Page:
The uptake of Covid-19 vaccines, particularly the third dose, has risen rapidly with 17 516 people taking their jabs since Wednesday last week after the decision by Cabinet to relax the mask requirement outdoors for those vaccinated thrice.
On Tuesday last week, Information, Publicity and Broadcasting Services Minister, Monica Mutsvangwa, said noting the decrease in new Covid-19 infections, Cabinet resolved that those with three doses of the World Health Organisation recommended vaccines be exempted from mandatory wearing of face masks in outdoor public places. However, face masks will still be worn in indoor public places and on public transport.
Those with the three doses and not wearing their mask outdoors are required to carry their vaccination cards.
Since then the numbers seeking a third dose often exceed the combined numbers of those wanting first or second doses and always exceed the number in either of those categories. People have to wait six months after their second dose to go for the booster, but since there are well over 3 million people with two shots but not the third there are still a lot of people who can go for the third.
Initially, people were required to take two doses for them to be fully vaccinated against Covid-19, but following the coming in of more variants across the globe, scientists encouraged people to take booster jabs.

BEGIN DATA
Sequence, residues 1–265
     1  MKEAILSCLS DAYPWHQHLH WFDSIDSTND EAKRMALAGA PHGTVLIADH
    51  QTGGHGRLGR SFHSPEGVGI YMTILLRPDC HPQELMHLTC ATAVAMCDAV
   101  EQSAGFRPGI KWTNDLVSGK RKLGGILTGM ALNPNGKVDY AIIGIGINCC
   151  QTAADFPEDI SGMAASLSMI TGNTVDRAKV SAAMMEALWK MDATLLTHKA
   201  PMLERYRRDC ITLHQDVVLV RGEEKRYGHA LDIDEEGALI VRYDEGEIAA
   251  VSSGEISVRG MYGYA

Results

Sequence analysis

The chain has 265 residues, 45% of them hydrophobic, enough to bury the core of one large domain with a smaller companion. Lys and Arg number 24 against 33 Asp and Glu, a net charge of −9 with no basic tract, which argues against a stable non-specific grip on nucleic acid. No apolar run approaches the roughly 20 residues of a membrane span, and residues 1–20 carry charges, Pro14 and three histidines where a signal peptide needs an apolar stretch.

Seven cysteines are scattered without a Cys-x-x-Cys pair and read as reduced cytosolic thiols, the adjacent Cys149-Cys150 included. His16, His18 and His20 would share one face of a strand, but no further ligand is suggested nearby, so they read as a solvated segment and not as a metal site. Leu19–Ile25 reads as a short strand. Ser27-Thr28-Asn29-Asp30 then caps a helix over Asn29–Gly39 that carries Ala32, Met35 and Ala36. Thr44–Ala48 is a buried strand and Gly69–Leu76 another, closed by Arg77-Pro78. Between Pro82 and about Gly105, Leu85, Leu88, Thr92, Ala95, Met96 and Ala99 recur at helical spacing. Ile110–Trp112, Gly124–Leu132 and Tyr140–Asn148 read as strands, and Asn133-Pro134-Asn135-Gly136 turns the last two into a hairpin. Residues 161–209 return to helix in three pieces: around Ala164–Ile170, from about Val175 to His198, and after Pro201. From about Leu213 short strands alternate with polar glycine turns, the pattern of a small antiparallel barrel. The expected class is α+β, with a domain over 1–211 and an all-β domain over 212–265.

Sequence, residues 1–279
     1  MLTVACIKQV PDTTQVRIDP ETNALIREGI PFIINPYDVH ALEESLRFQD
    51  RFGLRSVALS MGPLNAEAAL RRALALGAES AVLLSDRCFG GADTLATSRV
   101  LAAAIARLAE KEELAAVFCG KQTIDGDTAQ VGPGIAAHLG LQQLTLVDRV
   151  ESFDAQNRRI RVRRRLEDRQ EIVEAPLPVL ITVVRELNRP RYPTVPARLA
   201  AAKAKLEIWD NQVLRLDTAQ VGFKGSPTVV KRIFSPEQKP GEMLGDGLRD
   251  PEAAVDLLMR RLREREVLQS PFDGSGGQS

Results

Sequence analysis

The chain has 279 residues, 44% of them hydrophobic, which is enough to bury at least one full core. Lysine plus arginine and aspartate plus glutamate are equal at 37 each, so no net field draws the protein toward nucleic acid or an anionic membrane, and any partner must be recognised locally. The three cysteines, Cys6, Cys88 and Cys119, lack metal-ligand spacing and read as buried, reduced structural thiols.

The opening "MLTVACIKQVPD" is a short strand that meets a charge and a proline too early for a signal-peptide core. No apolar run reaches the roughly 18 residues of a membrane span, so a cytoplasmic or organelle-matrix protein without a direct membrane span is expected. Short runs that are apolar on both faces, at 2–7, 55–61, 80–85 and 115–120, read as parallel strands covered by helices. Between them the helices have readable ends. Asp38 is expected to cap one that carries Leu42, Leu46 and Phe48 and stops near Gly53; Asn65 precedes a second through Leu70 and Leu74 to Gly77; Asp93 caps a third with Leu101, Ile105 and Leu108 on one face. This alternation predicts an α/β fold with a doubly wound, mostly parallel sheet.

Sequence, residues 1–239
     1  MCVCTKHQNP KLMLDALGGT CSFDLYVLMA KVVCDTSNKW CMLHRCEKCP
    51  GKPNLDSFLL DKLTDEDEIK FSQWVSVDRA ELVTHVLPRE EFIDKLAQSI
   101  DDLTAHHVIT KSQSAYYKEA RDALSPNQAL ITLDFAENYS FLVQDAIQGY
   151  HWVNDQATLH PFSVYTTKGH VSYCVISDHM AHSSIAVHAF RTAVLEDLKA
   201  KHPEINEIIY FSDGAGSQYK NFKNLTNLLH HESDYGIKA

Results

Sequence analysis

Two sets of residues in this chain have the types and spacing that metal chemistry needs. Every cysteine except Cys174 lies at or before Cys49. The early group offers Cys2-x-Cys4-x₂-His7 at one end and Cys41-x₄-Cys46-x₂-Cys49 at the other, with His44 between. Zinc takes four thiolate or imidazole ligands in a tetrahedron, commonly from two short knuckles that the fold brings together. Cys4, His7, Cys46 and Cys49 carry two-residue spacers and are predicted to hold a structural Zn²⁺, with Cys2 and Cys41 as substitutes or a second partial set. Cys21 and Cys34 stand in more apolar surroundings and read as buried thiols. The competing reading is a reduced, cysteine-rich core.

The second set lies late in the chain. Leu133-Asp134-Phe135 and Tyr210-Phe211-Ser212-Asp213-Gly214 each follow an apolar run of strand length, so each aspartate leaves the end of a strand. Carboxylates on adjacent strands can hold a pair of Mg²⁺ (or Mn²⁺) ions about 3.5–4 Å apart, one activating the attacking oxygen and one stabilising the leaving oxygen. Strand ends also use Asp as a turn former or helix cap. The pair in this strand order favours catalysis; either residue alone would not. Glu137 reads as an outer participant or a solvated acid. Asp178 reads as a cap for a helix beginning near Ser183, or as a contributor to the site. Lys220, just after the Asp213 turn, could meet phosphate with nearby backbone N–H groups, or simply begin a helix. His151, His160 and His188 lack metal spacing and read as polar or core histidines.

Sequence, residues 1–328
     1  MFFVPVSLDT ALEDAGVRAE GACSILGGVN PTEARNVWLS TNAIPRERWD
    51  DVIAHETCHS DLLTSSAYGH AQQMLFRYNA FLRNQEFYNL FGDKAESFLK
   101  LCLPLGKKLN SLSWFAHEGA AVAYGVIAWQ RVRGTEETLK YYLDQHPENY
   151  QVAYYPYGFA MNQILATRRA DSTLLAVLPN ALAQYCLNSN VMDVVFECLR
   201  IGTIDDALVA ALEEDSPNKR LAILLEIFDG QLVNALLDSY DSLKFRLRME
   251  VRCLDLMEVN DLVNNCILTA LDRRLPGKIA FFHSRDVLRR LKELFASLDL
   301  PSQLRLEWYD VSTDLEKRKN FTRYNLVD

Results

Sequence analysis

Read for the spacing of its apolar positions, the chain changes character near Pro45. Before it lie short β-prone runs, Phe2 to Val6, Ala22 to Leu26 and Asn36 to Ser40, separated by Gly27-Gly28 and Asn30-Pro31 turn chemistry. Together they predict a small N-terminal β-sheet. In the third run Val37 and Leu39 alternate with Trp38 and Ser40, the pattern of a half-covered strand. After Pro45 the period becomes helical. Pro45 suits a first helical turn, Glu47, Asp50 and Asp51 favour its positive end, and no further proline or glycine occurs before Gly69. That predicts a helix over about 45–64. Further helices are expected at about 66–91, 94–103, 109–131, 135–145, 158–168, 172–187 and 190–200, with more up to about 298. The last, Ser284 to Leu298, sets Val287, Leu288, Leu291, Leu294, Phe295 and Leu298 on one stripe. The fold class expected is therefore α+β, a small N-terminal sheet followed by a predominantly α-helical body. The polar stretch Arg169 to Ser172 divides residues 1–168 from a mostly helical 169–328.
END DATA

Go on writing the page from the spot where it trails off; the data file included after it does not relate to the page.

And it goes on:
Other countries have administered two booster jabs while in Australia, severely immunocompromised people including those with cancer aged 16 years and above, were recommended to have a fifth dose ahead of winter.
It is against this background that in Zimbabwe, the Government has encouraged everyone to take up three doses, and even four, if they wish to.
While the Government is happy with the rise in the uptake of vaccination, it does not want to link the development to the partial relaxation of rules in the wearing of face masks.
In an interview yesterday, National Covid-19 response coordinator Dr Agnes Mahomva, said: “We are happy that our vaccination numbers are increasing. That is what we have been pushing for and we will continue to push for it.
“When Cabinet made the decision on wearing of masks in public, it was also to try and encourage people to get vaccinated.”
Dr Mahomva encouraged more people to be vaccinated.
In separate interviews, some people that recently got their third doses said they had been encouraged by the latest Government decision.
Ms Tariro Hazangwi of Kuwadzana, who took her third dose last Thursday in Belvedere, Harare, said she opted to be vaccinated so that she could “at least walk freely without a mask”.
“I was excited when I read in the newspapers that mandatory wearing of face masks in outdoor public places was being relaxed if one had taken three vaccine shots.
“So I said let me go and get the third shot since we are now getting into the summer season and it will be very hot that a mask is uncomfortable,” said Ms Hazangwi.
Another Harare resident, Mr Petros Chimanye, said he took the third dose after a long time from the day he got the second dose.